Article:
Local businesses against proposed Pt Chevalier cycleway

Bob Hunter, who lives on Meola Rd, says the proposed cycle way will create "a traffic nightmare" for locals and commuters.

Bob Hunter, who lives on Meola Rd, says the proposed cycle way will create "a traffic nightmare" for locals and commuters.

A proposed Auckland cycleway is being opposed by all 13 businesses that trade along its route.

The Point Chevalier to Westmere cycleway would run along Pt Chevalier Rd to Meola Rd, then along Meola and Garnet Rd to the Westmere shops.

It is budgeted to cost $8 million.

An AT consultation report released this month said 56 per cent of 1220 submitters liked the proposal, 39 per cent were concerned about a loss of parking on Meola Rd and 37 per cent supported walking and cycling improvements in general. 

However, local businesses were far more one-sided in their opinion of the project. 

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A petition against the cycleway, lead by Pt Chevalier resident Bob Hunter, has been signed by 13 retailers along the proposed route.

Of the seven businesses Stuff was able to contact, all confirmed they signed the petition. The remaining six were unable to be reached.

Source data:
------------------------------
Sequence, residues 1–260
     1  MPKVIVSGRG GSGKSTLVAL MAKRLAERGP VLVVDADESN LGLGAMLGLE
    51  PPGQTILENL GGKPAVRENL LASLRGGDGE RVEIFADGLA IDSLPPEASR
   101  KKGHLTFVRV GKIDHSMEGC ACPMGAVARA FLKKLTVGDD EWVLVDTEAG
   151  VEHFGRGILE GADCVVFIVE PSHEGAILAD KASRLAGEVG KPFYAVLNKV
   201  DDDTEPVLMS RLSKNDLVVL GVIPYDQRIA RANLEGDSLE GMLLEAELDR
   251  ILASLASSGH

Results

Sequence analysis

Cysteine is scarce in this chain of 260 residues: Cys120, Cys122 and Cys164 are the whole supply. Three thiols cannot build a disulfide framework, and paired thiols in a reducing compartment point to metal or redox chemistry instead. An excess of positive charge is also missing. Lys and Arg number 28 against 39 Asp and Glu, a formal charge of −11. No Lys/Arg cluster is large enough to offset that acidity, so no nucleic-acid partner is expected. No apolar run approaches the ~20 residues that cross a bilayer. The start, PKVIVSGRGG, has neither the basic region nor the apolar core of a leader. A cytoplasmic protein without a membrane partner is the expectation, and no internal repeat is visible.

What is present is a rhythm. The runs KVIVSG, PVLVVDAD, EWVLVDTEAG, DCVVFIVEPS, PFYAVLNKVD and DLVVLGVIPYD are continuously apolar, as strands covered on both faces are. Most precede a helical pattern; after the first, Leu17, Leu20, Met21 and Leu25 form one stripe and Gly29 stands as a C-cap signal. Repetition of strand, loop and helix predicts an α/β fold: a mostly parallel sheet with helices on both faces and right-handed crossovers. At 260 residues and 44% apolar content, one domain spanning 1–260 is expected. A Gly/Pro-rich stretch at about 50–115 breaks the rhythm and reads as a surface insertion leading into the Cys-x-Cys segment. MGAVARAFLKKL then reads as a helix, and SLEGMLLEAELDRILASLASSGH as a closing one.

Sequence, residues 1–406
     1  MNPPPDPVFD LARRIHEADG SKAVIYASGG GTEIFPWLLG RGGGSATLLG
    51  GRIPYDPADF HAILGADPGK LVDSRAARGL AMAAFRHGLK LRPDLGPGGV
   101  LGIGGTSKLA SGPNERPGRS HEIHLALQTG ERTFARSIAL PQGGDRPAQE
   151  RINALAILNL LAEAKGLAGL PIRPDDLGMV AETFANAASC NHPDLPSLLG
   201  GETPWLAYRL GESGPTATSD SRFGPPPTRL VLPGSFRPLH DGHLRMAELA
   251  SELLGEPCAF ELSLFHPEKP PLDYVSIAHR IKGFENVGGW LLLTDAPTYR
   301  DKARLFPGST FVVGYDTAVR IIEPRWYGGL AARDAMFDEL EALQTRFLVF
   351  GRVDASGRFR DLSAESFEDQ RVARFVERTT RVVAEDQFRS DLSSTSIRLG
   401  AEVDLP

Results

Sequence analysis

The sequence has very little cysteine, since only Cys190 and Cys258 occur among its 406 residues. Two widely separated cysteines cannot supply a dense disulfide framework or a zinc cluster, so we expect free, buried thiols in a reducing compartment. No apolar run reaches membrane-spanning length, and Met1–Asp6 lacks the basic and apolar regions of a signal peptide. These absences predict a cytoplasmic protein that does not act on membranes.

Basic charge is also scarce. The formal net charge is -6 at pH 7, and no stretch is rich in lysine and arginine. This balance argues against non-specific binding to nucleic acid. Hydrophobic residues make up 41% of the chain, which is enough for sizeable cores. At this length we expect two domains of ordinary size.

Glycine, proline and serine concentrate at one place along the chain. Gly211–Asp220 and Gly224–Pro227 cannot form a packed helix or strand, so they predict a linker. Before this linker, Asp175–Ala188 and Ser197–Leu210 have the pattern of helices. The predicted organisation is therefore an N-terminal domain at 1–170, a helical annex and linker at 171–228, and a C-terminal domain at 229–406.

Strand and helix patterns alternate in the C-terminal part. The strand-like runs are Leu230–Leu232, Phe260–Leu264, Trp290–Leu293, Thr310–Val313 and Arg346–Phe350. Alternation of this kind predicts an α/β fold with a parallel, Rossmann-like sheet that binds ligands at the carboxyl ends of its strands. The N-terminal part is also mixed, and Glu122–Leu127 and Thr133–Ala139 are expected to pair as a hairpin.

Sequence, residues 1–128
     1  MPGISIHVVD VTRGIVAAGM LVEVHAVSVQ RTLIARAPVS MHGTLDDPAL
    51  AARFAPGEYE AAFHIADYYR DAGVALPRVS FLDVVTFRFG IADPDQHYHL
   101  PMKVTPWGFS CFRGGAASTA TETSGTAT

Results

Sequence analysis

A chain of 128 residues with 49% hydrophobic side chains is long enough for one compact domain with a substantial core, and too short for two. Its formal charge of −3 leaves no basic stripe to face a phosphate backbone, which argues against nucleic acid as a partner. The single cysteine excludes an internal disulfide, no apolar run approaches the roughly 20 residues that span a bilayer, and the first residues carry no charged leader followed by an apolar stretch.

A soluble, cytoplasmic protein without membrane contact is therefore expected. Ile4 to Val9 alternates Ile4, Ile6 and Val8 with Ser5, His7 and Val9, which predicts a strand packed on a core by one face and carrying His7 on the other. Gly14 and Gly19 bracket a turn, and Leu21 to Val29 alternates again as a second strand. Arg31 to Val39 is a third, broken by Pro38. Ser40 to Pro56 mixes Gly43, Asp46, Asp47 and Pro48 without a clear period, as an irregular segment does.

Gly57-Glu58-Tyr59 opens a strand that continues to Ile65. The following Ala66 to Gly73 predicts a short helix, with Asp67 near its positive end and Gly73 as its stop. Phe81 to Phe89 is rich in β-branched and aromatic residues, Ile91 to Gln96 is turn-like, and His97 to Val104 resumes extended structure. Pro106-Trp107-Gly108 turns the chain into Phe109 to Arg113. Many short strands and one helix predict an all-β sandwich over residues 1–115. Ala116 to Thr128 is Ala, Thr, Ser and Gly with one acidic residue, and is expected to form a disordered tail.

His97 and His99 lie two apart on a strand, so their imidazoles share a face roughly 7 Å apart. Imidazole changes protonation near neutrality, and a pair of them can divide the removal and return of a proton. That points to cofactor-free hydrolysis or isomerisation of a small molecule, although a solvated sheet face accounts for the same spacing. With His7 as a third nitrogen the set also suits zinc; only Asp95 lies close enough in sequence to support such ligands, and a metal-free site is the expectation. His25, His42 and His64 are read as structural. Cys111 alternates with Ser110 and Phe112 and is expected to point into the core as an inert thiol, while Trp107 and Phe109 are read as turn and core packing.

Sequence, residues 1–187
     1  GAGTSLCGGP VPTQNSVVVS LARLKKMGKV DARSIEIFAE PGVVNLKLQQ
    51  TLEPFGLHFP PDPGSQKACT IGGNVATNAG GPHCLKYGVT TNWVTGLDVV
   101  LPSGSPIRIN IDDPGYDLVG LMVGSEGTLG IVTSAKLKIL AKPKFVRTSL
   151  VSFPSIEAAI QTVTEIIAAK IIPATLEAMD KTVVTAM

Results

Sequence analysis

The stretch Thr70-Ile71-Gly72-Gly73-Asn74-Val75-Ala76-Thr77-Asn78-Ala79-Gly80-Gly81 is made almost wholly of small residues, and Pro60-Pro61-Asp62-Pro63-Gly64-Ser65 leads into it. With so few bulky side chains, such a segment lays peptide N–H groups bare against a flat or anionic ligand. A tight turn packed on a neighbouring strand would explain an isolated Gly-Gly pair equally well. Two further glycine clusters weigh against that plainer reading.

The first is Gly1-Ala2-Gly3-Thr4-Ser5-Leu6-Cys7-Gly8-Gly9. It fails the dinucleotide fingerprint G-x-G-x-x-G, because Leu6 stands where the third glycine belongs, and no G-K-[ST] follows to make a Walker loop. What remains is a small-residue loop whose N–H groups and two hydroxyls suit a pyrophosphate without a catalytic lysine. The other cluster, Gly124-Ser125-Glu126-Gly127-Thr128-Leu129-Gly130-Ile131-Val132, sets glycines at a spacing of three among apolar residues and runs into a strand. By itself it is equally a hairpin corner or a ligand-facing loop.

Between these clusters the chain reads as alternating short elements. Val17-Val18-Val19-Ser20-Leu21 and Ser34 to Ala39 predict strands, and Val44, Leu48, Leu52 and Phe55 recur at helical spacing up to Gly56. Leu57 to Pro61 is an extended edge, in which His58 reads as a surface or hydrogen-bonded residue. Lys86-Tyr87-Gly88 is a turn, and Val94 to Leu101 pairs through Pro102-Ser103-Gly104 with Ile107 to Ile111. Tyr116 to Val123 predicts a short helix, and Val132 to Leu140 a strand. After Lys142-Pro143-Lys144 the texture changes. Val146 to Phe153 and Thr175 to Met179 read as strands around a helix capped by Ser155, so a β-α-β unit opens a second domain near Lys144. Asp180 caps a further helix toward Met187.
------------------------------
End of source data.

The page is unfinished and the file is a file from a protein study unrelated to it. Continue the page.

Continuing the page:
Businesses sighted road safety and a loss of parking as the main points of contention. 

Hunter attached the signed petition to a letter he sent to the mayor's office in June. It was forwarded on to AT.

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Hannah Clarke owns the Let Them Eat Cake Bakery on Pt Chevalier Rd and said local businesses needed shop front parking to survive.

The cycleway would reduce the number of people shopping locally, she said.

"If you can't park, it isn't convenient," she said.

Clarke said the cycleway was "simply unnecessary" and that Pt Chevalier didn't have enough cyclists to warrant the build.

"During the week, I see so few cyclists commuting down Pt Chev Rd. There are more recreational cyclists on the weekend but they go wherever they please anyway." 

Last year Auckland mayor Phil Goff said said he wanted council organisations to make cycling and walking projects a priority. 

Kathryn King, AT's Cycling, Walking and Road Safety manager said there would be some car parking removed along the route with the exact number still to be determined.

King said some of the car parking spaces close to the shops will be made P30 or P60.

Dorothy de Lautour, who owned Whau Studios along Pt Chevalier Rd, said she saw fewer than 10 cyclists a day.

Twelve Pohutukawa trees would also need to be relocated to make room for the 1.5 meter wide cycleway. 

"The council spent a lot of money putting in trees along this road a few years ago," Clarke said.

AT mailed brochures to about 6000 residents near the proposed route and hand-delivered brochures to about 2000 homes and businesses.

Construction is set to begin in early 2018.

 - Stuff

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